How parent groups want government schools transformed

Students attend the first day of school at Sekolah Kebangsaan Shah Alam January 2, 2019. ― Picture by Yusof Mat Isa
Students attend the first day of school at Sekolah Kebangsaan Shah Alam January 2, 2019. ― Picture by Yusof Mat Isa

KUALA LUMPUR, March 31 — Parent groups have lauded Tun Dr Mahathir Mohamad’s aim to completely revamp public education, but cautioned the prime minister about monumental challenges.

Parent Action Group for Education (PAGE) chair Datin Noor Azimah Abdul Rahim said although the call to make national schools more appealing is commendable, the process to do so is more daunting.

She said if any serious attempts to revamp national schools are to be successful, the government must look at treating educators as a professional body and as an accountable and proficient workforce.

“The teaching profession should be treated like any other professional body. It simply means if you don’t perform, then you are out.

“The issue comes down to accountability. Educators are supposed to give quality education but sadly, this is not happening,” she told Malay Mail, adding that even absenteeism has become an issue among teachers.

Noor Azimah admitted that punitive action might seem severe, but felt it was crucial in dislodging irresponsible educators. 

Another critical move is to ensure that educators have a clear professional career path with continuous development, said Noor Azimah.

“They need continuous professional development but there is no proper structure of it happening at the moment. This leads to teachers not teaching correctly, especially when it comes to technical subjects like additional mathematics and chemistry among others,” she said.

However, Noor Azimah said she understood that public school teachers have a huge responsibility and often had to deal with needless bureaucracy.

“Ideally, teachers should handle smaller classrooms but this might seem difficult to do with national schools. The best is for the Education Ministry to look into ways to reduce their workload,” she said.

Melaka Action Group for Parents in Education chairman Mak Chee Kin thinks that bringing back English medium schools would be the best way to make national schools better.

“I think the only way is to bring back English medium schools. At one stage, all the science subjects are in English, then certain subjects would be in Bahasa Malaysia. Of course, we cannot neglect Bahasa Malaysia, that’s our national language.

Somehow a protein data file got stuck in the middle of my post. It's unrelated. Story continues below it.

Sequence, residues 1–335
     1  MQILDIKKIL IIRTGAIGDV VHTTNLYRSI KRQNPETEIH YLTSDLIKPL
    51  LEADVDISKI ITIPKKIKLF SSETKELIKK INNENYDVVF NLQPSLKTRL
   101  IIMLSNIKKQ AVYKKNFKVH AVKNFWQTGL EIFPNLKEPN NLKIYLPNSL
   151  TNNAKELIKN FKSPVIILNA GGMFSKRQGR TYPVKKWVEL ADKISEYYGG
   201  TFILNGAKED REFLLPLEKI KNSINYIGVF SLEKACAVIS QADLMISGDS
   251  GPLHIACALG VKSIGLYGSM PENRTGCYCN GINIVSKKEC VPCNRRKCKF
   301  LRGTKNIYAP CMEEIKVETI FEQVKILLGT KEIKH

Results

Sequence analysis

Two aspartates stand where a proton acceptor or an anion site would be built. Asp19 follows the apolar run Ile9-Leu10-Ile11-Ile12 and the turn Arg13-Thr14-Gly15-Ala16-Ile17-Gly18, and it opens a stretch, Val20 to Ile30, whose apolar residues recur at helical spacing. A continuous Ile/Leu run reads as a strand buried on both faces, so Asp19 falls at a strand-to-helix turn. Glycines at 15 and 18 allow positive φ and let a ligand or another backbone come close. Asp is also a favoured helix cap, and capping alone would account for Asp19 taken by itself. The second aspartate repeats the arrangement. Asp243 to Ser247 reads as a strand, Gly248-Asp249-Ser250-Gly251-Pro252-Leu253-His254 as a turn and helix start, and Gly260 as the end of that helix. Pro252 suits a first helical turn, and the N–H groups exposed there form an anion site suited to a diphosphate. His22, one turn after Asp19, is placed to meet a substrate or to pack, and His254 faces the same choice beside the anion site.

“If parents can afford it, they would send their children to a private or international school because they are all in English. If they cannot afford it, they would send their children to vernacular schools,” he said.

“As what Dr Mahathir said, do not make it too religious-centred in national schools. Religions should be studied at their own accord, in afternoon schools or something like that, which they are practising now. Do not make it too religious. This makes non-Muslims shy away from all those SK schools,” he added.

Mak also concurred with Noor Azimah that public schools need better teachers but also pointed out that the number of teachers being deployed to schools needed to be reviewed.

He explained that the number of teachers being deployed to schools was based on how many classes are held and not on the number of students.

According to Mak, teachers are assigned to schools based on a formula of one classroom equals to 1.5 teacher.

Although a classroom consists of an average 30 pupils, the numbers could swell up to nearly 40 depending on the location of the school.

This could lead to certain schools having fewer teachers to effectively handle the students.

“Educators would then be less effective to teach in a large classroom. The powers that be must relook into this redeployment policy,” he added.

Another major issue is that as the world moves to embrace digitalisation, public schools too need to have the proper infrastructure to meet such needs.

“There is no way to escape digitalisation. The government must ensure that all schools, especially those in rural and financially challenging areas, have the right digital infrastructure for their students.

“What is most important is making sure that all students receive their fair share and equal opportunity to succeed,” he said.

“Of course, the government must be willing to invest heavily and constantly in public education,” he added.

Dr Mahathir recently said larger reforms in education were on the way to make national schools “great again”, in order to create a quality workforce that will ensure the sustainability of the national economy.

The prime minister said a special task force had been formed to review national education policies in their entirety, from preschool to tertiary education, with the findings due for completion next month.

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